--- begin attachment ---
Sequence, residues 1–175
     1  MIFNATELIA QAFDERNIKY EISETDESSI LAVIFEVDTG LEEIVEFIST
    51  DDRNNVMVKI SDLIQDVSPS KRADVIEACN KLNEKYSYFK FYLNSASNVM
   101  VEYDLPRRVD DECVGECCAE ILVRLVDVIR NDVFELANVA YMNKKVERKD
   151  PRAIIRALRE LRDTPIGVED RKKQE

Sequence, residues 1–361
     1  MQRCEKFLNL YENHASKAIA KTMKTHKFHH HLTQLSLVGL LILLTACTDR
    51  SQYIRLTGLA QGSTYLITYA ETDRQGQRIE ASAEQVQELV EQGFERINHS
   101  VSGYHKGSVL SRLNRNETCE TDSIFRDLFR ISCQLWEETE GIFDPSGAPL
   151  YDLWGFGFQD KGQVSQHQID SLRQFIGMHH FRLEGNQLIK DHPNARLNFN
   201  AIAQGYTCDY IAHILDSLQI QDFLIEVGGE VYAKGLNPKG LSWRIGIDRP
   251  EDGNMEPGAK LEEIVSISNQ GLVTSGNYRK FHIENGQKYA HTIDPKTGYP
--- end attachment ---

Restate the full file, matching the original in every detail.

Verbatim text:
Sequence, residues 1–175
     1  MIFNATELIA QAFDERNIKY EISETDESSI LAVIFEVDTG LEEIVEFIST
    51  DDRNNVMVKI SDLIQDVSPS KRADVIEACN KLNEKYSYFK FYLNSASNVM
   101  VEYDLPRRVD DECVGECCAE ILVRLVDVIR NDVFELANVA YMNKKVERKD
   151  PRAIIRALRE LRDTPIGVED RKKQE

Sequence, residues 1–361
     1  MQRCEKFLNL YENHASKAIA KTMKTHKFHH HLTQLSLVGL LILLTACTDR
    51  SQYIRLTGLA QGSTYLITYA ETDRQGQRIE ASAEQVQELV EQGFERINHS
   101  VSGYHKGSVL SRLNRNETCE TDSIFRDLFR ISCQLWEETE GIFDPSGAPL
   151  YDLWGFGFQD KGQVSQHQID SLRQFIGMHH FRLEGNQLIK DHPNARLNFN
   201  AIAQGYTCDY IAHILDSLQI QDFLIEVGGE VYAKGLNPKG LSWRIGIDRP
   251  EDGNMEPGAK LEEIVSISNQ GLVTSGNYRK FHIENGQKYA HTIDPKTGYP